Goat tenders are good, I have had em stewed, I have never had goat in steak form, and cooked to temp. I am assuming that is for a reason. I know the meat can be tendenous, and grainy. For obvious reasons, stewing breaks down the sinue, but as far as flavour, I think stewing is the best. Longer the better, render the marrow, and all the pectin.....good stuff. Like venison meets cow, meets N.Z.Spring rack o lamb...=GOOD STUFF!mmmmm
     
  6. diego

    diego

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    I should think goat could be treated just like mutton, my favorite. Barbecued on pit or in smoker at 225 F for eight or more hours until center is up to 190F.
     
  7. cheri

    cheri

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    Every summer when I was growing up my uncle would drive from CA to AL and bring back a goat, we would then have that sucker on the BBQ good eatin' is right, I love it in any form! Don't ask me how we didn't die with it in the back of his truck in one of those cheap styro coolers though, he'd bring back a hog to and make hog head cheese...oh the good ol' days!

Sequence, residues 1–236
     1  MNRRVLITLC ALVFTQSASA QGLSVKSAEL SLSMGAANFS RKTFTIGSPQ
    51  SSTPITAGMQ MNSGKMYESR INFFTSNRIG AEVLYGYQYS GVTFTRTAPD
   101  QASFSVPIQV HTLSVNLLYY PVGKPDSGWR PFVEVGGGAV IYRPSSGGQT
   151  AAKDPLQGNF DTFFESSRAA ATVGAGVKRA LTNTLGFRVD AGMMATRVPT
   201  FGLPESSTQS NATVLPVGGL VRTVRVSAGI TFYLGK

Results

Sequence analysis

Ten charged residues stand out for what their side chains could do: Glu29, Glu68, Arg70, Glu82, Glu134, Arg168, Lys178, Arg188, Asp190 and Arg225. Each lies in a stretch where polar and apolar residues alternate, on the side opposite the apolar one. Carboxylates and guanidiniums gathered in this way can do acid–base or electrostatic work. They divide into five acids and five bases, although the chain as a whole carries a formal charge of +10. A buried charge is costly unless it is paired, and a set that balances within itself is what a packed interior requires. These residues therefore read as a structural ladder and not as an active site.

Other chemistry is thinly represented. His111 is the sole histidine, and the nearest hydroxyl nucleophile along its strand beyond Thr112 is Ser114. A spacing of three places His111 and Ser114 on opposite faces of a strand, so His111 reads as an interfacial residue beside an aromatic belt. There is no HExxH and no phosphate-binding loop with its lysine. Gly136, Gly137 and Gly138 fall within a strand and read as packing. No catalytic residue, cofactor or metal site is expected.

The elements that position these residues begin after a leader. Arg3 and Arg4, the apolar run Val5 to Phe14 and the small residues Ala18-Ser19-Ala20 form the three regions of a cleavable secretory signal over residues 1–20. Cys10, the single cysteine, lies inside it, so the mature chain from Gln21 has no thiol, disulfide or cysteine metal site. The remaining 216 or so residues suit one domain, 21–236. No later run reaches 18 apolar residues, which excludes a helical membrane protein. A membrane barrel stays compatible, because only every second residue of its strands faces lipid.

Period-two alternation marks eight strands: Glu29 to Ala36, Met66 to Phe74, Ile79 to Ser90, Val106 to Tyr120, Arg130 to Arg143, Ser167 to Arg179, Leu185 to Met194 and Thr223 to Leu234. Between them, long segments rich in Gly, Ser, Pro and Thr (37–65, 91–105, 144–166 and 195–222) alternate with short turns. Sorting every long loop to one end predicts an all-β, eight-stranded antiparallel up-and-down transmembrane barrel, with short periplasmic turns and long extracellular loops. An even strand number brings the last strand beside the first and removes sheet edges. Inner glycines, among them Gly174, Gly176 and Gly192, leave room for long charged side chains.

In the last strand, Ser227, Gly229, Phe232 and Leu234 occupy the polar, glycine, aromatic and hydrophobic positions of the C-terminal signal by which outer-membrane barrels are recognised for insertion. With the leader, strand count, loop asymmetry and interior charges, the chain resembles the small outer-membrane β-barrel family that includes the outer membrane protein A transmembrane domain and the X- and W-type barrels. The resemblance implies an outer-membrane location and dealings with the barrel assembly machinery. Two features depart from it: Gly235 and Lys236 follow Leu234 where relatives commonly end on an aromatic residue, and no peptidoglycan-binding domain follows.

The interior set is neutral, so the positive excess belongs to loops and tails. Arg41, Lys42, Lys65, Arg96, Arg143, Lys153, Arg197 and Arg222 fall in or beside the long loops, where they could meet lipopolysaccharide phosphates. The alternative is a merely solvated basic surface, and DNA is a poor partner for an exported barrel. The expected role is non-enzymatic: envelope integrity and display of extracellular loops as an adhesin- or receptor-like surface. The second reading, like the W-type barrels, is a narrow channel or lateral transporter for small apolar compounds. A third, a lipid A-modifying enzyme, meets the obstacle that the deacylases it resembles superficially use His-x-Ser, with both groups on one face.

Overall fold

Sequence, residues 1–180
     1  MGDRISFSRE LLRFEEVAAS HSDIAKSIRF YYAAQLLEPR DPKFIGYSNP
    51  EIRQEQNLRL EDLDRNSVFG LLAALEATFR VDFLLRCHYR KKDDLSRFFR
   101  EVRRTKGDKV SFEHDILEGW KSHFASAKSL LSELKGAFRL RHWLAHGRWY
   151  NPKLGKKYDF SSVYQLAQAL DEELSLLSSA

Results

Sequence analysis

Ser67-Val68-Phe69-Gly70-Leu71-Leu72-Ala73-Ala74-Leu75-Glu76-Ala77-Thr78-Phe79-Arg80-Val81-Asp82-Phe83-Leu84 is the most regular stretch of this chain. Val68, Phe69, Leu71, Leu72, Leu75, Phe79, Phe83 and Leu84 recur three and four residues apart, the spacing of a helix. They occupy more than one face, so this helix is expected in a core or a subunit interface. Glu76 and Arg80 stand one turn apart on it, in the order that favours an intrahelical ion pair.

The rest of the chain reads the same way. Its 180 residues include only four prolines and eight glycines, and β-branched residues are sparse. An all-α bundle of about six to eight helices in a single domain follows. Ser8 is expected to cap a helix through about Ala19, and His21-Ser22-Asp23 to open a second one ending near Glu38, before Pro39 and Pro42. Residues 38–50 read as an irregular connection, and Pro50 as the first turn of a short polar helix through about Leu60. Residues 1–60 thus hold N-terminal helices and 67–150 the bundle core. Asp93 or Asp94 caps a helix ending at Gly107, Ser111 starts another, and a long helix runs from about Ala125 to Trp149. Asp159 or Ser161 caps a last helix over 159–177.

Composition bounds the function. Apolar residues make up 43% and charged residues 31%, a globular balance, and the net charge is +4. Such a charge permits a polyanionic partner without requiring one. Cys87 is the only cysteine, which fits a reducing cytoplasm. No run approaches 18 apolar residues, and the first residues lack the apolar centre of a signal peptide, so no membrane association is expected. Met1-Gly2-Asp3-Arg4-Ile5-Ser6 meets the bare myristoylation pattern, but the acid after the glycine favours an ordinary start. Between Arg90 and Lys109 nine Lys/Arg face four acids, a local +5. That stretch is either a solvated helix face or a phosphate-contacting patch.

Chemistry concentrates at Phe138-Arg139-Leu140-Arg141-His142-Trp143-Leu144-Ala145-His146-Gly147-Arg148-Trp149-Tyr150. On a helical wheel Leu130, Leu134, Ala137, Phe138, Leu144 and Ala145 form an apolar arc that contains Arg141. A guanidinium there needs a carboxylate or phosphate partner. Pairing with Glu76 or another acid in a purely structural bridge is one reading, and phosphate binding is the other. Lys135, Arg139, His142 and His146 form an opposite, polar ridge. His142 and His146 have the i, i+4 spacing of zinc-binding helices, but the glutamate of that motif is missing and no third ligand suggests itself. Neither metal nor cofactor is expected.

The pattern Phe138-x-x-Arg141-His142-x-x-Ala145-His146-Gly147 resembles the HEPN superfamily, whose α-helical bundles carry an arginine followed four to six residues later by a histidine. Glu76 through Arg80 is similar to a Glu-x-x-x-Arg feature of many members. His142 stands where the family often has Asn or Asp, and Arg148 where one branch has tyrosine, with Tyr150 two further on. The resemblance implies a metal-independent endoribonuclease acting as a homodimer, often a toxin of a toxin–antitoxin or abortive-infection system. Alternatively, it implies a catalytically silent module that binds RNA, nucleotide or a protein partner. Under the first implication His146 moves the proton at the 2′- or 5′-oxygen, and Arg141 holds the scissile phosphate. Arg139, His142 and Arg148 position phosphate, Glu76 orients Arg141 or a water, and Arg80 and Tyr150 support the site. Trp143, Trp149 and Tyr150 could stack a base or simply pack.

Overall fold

8. diane

    diane

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    It is good news that someone likes mutton Diego. I think it is a misunderstood meat, which responds to long roasting or casseroling. And it makes the best gravy going. When we order a home kill, the lamb must be one year old. Otherwise the flavour is indifferent IMHO. Hogget is a sheep one to two years, and mutton thereafter. I like them all. Our Halal butcher knew we didn't know "that lovely looking meat" was goat, so he told us, it was cut into pieces too. We slow cooked it. 'lish. We purchased a lot of meat that day, filled the freezer with his product. Must return to him.
     
  9. diane

    diane